P.O. Box 6316, Dept. PHR
Newport News, VA 23606
(757) 218-2593

Our second-place finishers typify why the Engine Masters Challenge is so damn cool. In a competition many fear requires the talents and resources of a professional engine builder, this father and son team from Virginia proved the critics wrong. It seems internal engine myths weren't the only ones being busted in this year's Challenge competition.

Relying on their own experience and talents, teamed with a close group of trusted partners and a dedication to precision, the Williams' earned a second-place finish working out of a single-car garage. As Charles Williams told us:

"My son Donald and I read separate articles about the first Engine Masters. We talked it over and felt the experience would be great and a lot of fun. When we were accepted on May 15th 2003, we did not have the first nut, bolt, screw, or any of the engine parts."

As you'll see, they researched every part carefully, but no extravagant trickery was found inside their entry. The result is a potent combination readers can learn from, and if you've got a 454 and plans for pump gas, read this carefully. This team didn't even have the benefit of electrical power during assembly of this mill, and they didn't build a "mule" short-block or spend countless hours testing potential combinations. They built one, single engine to the best of their abilities, and it ended up rewarding them with a second-place finish overall. Let's take a look inside, and we'll thank the Williams' and Charlie Morgan for sharing with us. Charles Williams' own words will help walk us through the teardown.

When Charles and Donald Williams' application was accepted for the Challenge, they went right down to the local Chevy dealer and purchased a tall-deck Bowtie block (GM PN 25002502). They knew this block would have the beef required to be stable and would support the power they intended to make. The block was bored to 4.25-inch, and was readied for battle.

The 4.125-inch crankshaft came from Callies, and is a 61lb. forged steel unit. The main journal diameter is 2.75-inches, while the rods swing on 2.100-inch journals.

"I talked to Don Gamertstefelder of Callies, and he had the crank made to our spec with .0025 clearances on mains and rods. The crank was lightened and had 2.100-inch crank pins, and was gun drilled.

"Don was great to work with at Callies. He had the complete assembly balanced. All the dimensions were held to absolute perfect tolerance, as the block was already prepared at 10.193-inch deck height. The deck height was at .000, as planned, with no problems."

Connecting rods are Oliver's outstanding steel I-beam units in 6.800-inch length. They weigh 811 grams. They are teamed with a JE piston (PN 383294) weighing 567g. When teamed with the heads, static compression checked in at a 92-octane-friendly 11:1. The pistons wear Total Seal rings, featuring a gapless top ring (.043-inch thickness), a Napier-design second ring (also at .043-inch thick) and a traditional 3-piece oil ring arrangement (3mm thick). "I gave Don at Callies our specs, and because of the time involved, Don worked with us and acquired the 6.8-inch Oliver Rods, which were run out of the box without any extra work. The ARP rod bolts were checked for stretch and roundness and were within .0001."

The engine bearings are from Clevite 77 and measure in at 2.750-inch diameter on the mains and 2.1-inches on the rods. They both had .0025-inch clearance to the crank. They were coated with Calico Coatings' anti friction coatings. What does "W" Enterprises feel about the new coating technologies?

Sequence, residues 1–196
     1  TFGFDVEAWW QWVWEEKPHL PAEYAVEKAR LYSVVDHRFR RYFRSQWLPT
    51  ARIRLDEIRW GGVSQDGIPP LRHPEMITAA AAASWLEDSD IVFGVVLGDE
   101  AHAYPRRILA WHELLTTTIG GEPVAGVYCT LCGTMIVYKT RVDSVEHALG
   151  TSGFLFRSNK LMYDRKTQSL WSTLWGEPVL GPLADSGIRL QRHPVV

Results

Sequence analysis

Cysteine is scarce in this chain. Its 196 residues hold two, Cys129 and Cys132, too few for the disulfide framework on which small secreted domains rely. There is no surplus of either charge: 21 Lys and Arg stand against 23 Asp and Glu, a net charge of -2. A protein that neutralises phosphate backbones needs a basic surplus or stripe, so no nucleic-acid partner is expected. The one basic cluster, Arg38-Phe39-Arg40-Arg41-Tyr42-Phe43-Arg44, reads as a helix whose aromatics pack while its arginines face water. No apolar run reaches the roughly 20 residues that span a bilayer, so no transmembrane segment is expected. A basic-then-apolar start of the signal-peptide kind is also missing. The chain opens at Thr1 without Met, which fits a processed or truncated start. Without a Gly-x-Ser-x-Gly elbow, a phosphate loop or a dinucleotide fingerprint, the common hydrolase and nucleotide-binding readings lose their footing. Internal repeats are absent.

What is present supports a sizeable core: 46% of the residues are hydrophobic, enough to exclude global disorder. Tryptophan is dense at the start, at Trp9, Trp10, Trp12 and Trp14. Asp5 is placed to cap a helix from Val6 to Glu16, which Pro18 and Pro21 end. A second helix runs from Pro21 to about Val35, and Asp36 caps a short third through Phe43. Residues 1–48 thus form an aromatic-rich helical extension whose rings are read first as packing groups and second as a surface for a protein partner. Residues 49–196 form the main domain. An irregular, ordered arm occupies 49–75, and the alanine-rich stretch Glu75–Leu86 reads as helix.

"Dan at Swain Tech Coatings took care of our thermal coatings for the headers, piston tops, valves, combustion chambers, and exhaust ports. The crankshaft and rods were with treated with oil shedding coatings. The piston skirts had Swain PC9 coatings for friction. I feel the coatings by Swain and Calico helped improve our total numbers."

The cylinder heads were key to the success of this engine, and are Brodix Gen 1 OEFI oval port units CNC-finished by Weld Tech. The decks were milled .100-inch (by Weld Tech) to achieve a 109cc chamber, leading to the 11:1 compression ratio mentioned earlier. They were installed "out of the box" with no further mods by Williams.

"By the first week of June, Donald and I went to York, Pennsylvania. and met Jere (pronounced "Jerry") Stahl of Stahl Headers. Jere recommended his '69 Camaro headers that were run on the '69 Super Stock drag cars. While we were talking about the Engine Masters Challenge, Donald told Jere we had not decided on cylinder heads. It was Jere Stahl who recommended we call Weld Tech Heads.

"I contacted Weld Tech and talked to Mark Lacy. I asked Mark to send us his best high flowing oval port heads and, asked what intake manifold would work best with them. He said Mike Carny of General Performance could provide a good intake for our combination. The heads come with 109 cc chambers, so Weld Tech milled .050-inch of the deck to get to 100cc chambers. Manley Severe Duty Valves were chosen, as were Comp Cams valve springs and titanium retainers. My son Donald assembled the heads."

The intake port volume is 293 on the short runners, and 303 on the longer ones. The intake ports flowed 381 (shorter) and 362 (longer) at .600-inch lift with 28 inches of depression. Valves are Manley Severe Duty units with 2.250-inch diameter heads and 5.370-inches of total length. The exhaust valves (also Manley Severe Duty parts) checked in with 1.88-inch diameter heads and a total length of 5.450-inches.

The camshaft is a Comp Cams design, and you'll find it under PN 11-000-47. With 110-degree lobe centers, lift on the intake valve (with a 1.7:1 rocker) is .605-inch. Williams ran 1.6:1 rockers during the Challenge, and this reduced total valve lift to a mild .569-inch on the intake side. The exhaust lobes move .581-inch with the 1.6:1 rockers, and would push out to .618 with the Challenge-limit 1.7:1 units. Duration is 294 (intake, with 264 @ .050) and 298 (exhaust, with 268 @ .050). These mild cam dimensions may have limited Williams' peaks, but they leveled the averages so much his total scores were very strong. The engine idled very nicely, too.

"The same weekend we went to York, we also went to the Virginia Motorsports Park where they were holding the IHRA AC Delco drags. There, I met John Williams of Comp Cams. John was very helpful with purchasing the camshaft, engineered with a 4-7 firing swap, matching rocker arms, timing belts, and many other parts that I purchased to build our motor."